This material is conveyed as a solicitation for entering into a derivatives transaction.
This material has been prepared by a Daniels Trading broker who provides research market commentary and trade recommendations as part of his or her solicitation for accounts and solicitation for trades; however, Daniels Trading does not maintain a research department as defined in CFTC Rule 1.71. Daniels Trading, its principals, brokers and employees may trade in derivatives for their own accounts or for the accounts of others. Due to various factors (such as risk tolerance, margin requirements, trading objectives, short term vs. long term strategies, technical vs. fundamental market analysis, and other factors) such trading may result in the initiation or liquidation of positions that are different from or contrary to the opinions and recommendations contained therein.
Past performance is not necessarily indicative of future performance. The risk of loss in trading futures contracts or commodity options can be substantial, and therefore investors should understand the risks involved in taking leveraged positions and must assume responsibility for the risks associated with such investments and for their results.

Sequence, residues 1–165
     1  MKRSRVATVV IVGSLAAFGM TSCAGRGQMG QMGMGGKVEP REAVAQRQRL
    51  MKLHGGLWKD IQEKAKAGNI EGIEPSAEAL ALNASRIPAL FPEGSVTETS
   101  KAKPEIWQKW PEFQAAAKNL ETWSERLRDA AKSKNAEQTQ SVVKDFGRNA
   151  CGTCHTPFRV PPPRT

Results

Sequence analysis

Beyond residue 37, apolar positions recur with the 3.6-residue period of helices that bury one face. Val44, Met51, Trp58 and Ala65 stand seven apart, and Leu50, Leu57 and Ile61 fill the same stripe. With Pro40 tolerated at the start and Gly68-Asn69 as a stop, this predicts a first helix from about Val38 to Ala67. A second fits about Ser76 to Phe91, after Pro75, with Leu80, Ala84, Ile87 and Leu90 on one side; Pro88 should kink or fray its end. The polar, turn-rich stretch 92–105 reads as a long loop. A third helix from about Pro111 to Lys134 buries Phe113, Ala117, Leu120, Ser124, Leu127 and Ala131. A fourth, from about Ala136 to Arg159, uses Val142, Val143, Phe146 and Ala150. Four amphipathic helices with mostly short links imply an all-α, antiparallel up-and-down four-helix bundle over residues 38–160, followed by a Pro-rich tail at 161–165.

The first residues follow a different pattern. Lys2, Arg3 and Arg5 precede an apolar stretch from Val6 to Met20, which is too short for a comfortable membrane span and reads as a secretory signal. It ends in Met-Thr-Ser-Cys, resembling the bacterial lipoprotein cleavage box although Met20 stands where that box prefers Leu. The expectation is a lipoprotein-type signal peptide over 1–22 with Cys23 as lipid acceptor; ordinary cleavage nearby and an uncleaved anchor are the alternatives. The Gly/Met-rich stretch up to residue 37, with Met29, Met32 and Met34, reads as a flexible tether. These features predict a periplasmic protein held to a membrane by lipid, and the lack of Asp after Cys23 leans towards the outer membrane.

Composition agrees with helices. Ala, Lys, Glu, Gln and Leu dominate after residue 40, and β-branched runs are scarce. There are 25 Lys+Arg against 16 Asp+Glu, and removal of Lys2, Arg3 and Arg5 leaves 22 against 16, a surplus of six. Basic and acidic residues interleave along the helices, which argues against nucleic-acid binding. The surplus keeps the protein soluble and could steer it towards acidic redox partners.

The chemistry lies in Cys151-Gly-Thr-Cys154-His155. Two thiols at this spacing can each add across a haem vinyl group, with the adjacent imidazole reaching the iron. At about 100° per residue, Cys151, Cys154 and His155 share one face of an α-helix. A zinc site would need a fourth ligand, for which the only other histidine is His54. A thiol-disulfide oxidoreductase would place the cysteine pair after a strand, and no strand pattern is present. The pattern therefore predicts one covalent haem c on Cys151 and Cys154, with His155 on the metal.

Trade recommendations and profit/loss calculations may not include commissions and fees. Please consult your broker for details based on your trading arrangement and commission setup.
You should carefully consider whether such trading is suitable for you in light of your circumstances and financial resources. You should read the “risk disclosure” webpage accessed at www.DanielsTrading.com at the bottom of the homepage. Daniels Trading is not affiliated with nor does it endorse any third-party trading system, newsletter or other similar service. Daniels Trading does not guarantee or verify any performance claims made by such systems or service.